I'm very doubtful that The Bell Jar is for all; however I'm yet to find a single person who dislikes the book. Despite the miserable themes throughout, Esther's character is actually very likable, sharp and witty. (SPOILER) To those who have actually read the text the whole way through - I found the hopeful ending somewhat painful given the actually ending of Plath's life.
A classic book that should be read: it's fast paced, genuine and heart wrenching. The motifs of the bell jar and fig tree are brilliantly worked in, adding to the fragile state of Esther - a credit to Plath's literary ability. It's a book that really stays with you and really makes you think and feel - however saddening.
I first read this book when I was around 14 and I've lost count of how many times I've read it now. This book honestly is one of the most moving I've ever read (and, being a nerd, I've read a lot).
The book tells the story of Esther Greenwood, a young girl paralysed by indecision and of course by the "bell jar" of the novel's title - her depression. The book isn't written in a convoluted or overly "literary" way; its written in clear and crisp prose. That isn't too say that the book is an altogether easy read, as it offers the reader many questions to ponder; questions about one's own life, feelings, motivations and behaviour.
Although I personally relate to much of the novel's content, Plath's insights into the human condition and the way that we interact with each other is relevant to anyone. It's immensely humane and honest and, really, quite ordinary in its content. Nothing hugely exciting happens but its so beautifully written and above all so TRUE that this doesn't matter.
This book is often lauded as a modern classic and, for me, its easy to see why. This is indubitably my favourite book and I would hugely recommend it to anybody.
It's fair to say "The Bell Jar" changed my life. I first read it for my high school dissertation when I was sixteen and have gone back to it many times since. Not only do I could it as my favourite novel, but it has gone on to influence much of the literature I have read since. It is not an easy read, often disturbing and upsetting, but it is definitely a book that I believe everyone should read at least once. "The Bell Jar" is a semi-autobiographical novel by Sylvia Plath, and was her only full length novel, with Plath being more commonly identified as a poet.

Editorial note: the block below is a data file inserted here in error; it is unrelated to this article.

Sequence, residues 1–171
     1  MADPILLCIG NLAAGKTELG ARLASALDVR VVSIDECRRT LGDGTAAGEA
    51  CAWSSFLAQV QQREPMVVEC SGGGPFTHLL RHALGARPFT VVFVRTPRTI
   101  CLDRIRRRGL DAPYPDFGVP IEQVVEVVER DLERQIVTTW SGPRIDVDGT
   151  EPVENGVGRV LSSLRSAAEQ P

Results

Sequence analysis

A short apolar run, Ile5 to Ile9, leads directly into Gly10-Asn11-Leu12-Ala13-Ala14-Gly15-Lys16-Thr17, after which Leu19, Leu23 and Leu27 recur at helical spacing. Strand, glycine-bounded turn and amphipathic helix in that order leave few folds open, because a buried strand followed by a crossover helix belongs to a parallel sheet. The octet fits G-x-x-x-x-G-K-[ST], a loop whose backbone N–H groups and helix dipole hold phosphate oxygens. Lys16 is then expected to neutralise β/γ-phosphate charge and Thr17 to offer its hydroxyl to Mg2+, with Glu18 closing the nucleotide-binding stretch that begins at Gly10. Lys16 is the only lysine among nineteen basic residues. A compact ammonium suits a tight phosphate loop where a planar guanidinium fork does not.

The story is based around the life of Esther Greenwood during a summer which she has won a competition to work an internship at a New York magazine. Whilst this should be the opportunity of a lifetime for a budding writer, the novel documents the decline of her mental state during this period and beyond. "The Bell Jar" deals with a range of themes including mental illness, attempted suicide, relationships with family, friends, medical professionals and members of the opposite sex, and the impact that each of these has on the mental state of Esther.
Based largely on the personal experience of Sylvia Plath, who herself tragically committed suicide, "The Bell Jar" allows Plath to detail her first-hand experience of the lonely and helpless place that those suffering from mental illness can reach. Whilst often difficult to understand the thoughts and actions of Esther (as with Plath herself), "The Bell Jar" gives an invaluable insight into what life can be like for those who feel that dying may just be better than life.
The Bell Jar.
This was the only novel that Plath published, which she did under a pseudonym back in the 60's. She was an excellent poet but is largely known for her largely-autobiographical novel.
Her real-life persona in the book is Esther Greenwood; a woman in the 60s who has won a contest and is spending the summer at a New York magazine; she has many inner conflicts within herself, she increasingly finds herself suffocating in a bell jar of depression and cynicism, with a distorted view on the world and being unable to communicate effectively out of the jar. This gets too much for her and she ends up being hospitalised.
The book is intensely emotional as I knew Plath was talking about her own mental issues that she had in this book. She describes the depression as if it was a never-ending pit of cynicism and true despair that only people who have gone through can truly describe it . She didn't try to make it melodramatic in this sense, she portrayed the suicidal thoughts as authentic and very well written, perhaps it was because it was written from her own experiences.